Talking with Chinese-American friends, I discovered commonality in our experiences of growing up with mothers who would make herbal medicinal wines and would sun-dry vegetables or, in my case, even chicken giblets. My mother prided herself also on pickling mustard greens that she would get at a bargain price when in season. In a large glass jar, she would combine the Chinese mustard greens with vinegar, sugar and hot water, then hide the jar in a cool corner behind the sofa. The greens would be perfect in three months. Occasionally, when I yearned for a snack, I would sneak a bite. The sour shock would jolt my palate, a taste I can remember to this day. Her favourite method was to combine the pickled greens with beef in a simple stir-fry. Fortunately, one does not have to wait three months to experience this dish. You can easily buy freshly pickled mustard greens at Chinese grocers, either in a vacuum pack (the preferred form) or canned.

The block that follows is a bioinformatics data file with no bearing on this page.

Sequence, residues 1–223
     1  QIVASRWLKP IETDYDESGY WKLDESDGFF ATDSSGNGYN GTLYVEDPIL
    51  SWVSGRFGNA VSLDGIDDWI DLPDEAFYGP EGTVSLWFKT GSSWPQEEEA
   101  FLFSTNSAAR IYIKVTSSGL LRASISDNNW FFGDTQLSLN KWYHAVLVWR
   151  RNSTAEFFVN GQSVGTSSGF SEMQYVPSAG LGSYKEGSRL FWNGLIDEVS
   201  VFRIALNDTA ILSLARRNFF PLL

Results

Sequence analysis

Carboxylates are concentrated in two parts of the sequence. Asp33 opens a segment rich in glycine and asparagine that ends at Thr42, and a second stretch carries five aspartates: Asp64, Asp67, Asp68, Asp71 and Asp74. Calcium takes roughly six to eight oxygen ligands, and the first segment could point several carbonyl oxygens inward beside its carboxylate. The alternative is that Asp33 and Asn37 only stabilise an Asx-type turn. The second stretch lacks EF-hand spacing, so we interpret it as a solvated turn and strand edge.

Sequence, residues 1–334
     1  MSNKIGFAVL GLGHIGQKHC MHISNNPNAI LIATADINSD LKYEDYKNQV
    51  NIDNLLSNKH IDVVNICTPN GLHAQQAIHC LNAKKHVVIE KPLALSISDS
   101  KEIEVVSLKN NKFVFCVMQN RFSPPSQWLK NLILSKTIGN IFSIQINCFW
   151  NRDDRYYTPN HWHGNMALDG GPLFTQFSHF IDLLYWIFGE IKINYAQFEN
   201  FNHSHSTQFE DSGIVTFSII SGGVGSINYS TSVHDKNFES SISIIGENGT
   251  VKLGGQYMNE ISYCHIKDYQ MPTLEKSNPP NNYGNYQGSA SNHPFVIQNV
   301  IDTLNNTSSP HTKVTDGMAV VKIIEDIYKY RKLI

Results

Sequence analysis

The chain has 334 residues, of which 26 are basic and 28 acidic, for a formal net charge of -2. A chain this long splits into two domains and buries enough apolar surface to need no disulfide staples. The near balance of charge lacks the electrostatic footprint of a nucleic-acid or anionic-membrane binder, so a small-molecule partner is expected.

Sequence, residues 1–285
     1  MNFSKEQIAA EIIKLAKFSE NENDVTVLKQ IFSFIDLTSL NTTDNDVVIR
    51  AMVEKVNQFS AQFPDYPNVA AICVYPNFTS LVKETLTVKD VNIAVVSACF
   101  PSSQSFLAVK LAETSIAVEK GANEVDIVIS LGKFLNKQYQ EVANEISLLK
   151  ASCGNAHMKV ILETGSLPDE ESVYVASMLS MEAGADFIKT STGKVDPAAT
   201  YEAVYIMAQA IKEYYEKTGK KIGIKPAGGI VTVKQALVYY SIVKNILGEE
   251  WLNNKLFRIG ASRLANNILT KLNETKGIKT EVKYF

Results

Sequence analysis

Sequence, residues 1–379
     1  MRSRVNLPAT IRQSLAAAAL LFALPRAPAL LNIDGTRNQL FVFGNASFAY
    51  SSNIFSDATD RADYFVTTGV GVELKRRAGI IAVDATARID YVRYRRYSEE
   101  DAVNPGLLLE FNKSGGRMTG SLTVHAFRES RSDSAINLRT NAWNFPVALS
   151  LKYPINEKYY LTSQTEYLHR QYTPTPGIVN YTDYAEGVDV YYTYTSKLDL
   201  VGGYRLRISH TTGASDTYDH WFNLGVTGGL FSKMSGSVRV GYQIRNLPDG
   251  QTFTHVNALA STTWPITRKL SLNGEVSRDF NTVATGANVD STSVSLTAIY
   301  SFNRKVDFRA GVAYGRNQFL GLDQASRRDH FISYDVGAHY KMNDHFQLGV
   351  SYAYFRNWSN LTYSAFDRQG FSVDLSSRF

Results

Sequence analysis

Cut the steak in half lengthways, then cut into thin slices 5 cm (
Rinse the mustard greens well under cold running water. Drain thoroughly and slice them.
Heat a wok or deep pan until it is very hot. Pour in the groundnut oil and, when it is very hot and smoking, add the beef and stir-fry for 3 minutes. Remove the beef with a slotted spoon and drain off all but
Reheat the wok and oil, add the garlic and stir-fry for 30 seconds, then add the sliced mustard greens and stir-fry for 1 minute. Pour in the chicken stock, the dark soy sauce and remaining light soy sauce, the remaining rice wine and the sugar and bring to the boil over a high heat. Mix well, then return the beef to the wok and continue to cook for another minute.
Transfer the contents of the wok to a large platter and serve at once.
© 1998 Ken Hom. All rights reserved.